"The noose is tightening around Syria."
So wrote columnist Musa Keilani in the Jordan Times on Sunday. A day later, Lebanon's pro-Syrian government resigned -- and the noose got a little tighter.
Syria is fast losing ground in a geopolitical power struggle that its leaders did not see coming and may not survive, according to international online pundits. Since the assassination of former Lebanese prime minister Rafiq Hariri two weeks ago, the government of President Bashar Assad has seen its political reality transformed.
A bust of the late Syrian President Hafez Assad lies on the ground after it was defaced Sunday in the village of Qana in southern Lebanon. (AFP)
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A month ago, Lebanon, on Syria's western border, was quiet. Hariri and his political allies muted any criticism of Damascus despite 15,000 troops stationed in Lebanon since 1989. To the south, Syria was offering to reopen negotiations with Israel with faint hopes of regaining the Golan Heights, Syrian territory occupied by Israel since a war in 1967. On Syria's eastern border, U.S. officials complained that Syria was harboring Iraqi insurgents, but Syria's security services cultivated favor with Washington by doing the dirty work of interrogating terrorism suspects.
Then came the Feb. 14 car bomb that killed Hariri and 13 other people. Hariri's allies blamed the assassination on Syria, and the long-tolerated Syrian military presence suddenly became intolerable to many Lebanese. The killing of Hariri, says Hazem Saghieh, columnist for the Beirut-based daily Dar al-Hayat was "Lebanon's 9-11," the violent attack that changed the way people think about their world.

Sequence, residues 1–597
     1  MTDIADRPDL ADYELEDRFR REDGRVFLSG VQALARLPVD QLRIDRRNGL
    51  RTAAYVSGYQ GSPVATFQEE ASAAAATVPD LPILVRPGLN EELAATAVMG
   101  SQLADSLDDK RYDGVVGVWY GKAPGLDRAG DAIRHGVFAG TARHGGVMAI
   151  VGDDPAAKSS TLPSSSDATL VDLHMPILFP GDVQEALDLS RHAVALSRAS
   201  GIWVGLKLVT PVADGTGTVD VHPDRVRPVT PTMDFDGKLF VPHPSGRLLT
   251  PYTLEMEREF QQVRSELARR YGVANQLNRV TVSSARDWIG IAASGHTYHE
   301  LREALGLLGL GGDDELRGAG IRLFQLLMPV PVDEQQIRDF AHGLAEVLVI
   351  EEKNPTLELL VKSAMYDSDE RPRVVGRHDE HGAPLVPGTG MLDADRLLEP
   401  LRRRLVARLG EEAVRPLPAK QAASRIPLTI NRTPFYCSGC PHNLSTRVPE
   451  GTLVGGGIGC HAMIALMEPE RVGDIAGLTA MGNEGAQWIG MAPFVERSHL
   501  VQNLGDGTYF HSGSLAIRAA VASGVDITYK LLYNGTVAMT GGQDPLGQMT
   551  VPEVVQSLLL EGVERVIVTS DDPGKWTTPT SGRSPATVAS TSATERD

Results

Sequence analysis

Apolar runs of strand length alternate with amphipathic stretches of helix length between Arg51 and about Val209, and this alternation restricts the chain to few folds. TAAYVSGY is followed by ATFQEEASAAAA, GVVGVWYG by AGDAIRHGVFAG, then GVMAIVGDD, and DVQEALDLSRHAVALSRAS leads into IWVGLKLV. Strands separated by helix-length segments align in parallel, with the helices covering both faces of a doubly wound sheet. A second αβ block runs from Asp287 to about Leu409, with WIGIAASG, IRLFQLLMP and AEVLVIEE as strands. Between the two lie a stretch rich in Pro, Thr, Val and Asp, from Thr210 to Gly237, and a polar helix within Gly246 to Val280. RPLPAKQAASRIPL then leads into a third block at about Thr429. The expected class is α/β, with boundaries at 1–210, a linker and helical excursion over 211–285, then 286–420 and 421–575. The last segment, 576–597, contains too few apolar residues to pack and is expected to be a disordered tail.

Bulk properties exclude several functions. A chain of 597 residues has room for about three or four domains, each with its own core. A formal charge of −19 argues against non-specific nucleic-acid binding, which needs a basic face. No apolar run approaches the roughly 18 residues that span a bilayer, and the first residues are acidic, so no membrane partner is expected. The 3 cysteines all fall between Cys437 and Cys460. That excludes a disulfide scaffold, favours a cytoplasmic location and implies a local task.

"People's sentiments in Lebanon are turning into a political reality that is stronger than what the authority realizes and subsequently it is bigger than the authority's ability to contain it," wrote fellow commentator Walid Choucair.
The signs are all around.
In Brussels last week, President George Bush and French President Jacques Chirac who don't agree on much, agreed that Syria should withdraw its troops from Lebanon. That would deprive Syria of economic opportunities and its most valuable bargaining chip in negotiations with Israel.
As the Lebanese government prepared for a confidence vote on Monday, thousands of opposition supporters rallied around the parliament despite a ban on public demonstrations. Then Prime Minister Omar Karami and his Syrian-backed government, which had been expected to survive a no-confidence vote, resigned.
Popular sentiment is swinging further against Syria.
In Qana, a dusty village in southern Lebanon, a statue of Bashar Assad's father, Hafez Assad, was defaced by vandals, according to the Daily Star.
Even the support of Syria's long-time allies in Hezbollah, the Shiite political party and militia, is uncertain. Opposition leader Walid Jumblatt wants to talk with Hezbollah Secretary General Sayyed Hassan Nasrallah about joining the effort to get Syria out, according to the Daily Star.
Syrian commentators seem baffled by the government's predicament.
"What are they cooking up?" the editors of the state-controlled Syria Times ask of the United States and its allies in Lebanon and elsewhere. The demand that Syria leave Lebanon is "an unfair move that aims to tighten the noose of blockade around the Arab national movement that resists the expansionist aggressors" who have never abided by U.N. resolutions on the Israeli-Palestinian conflict.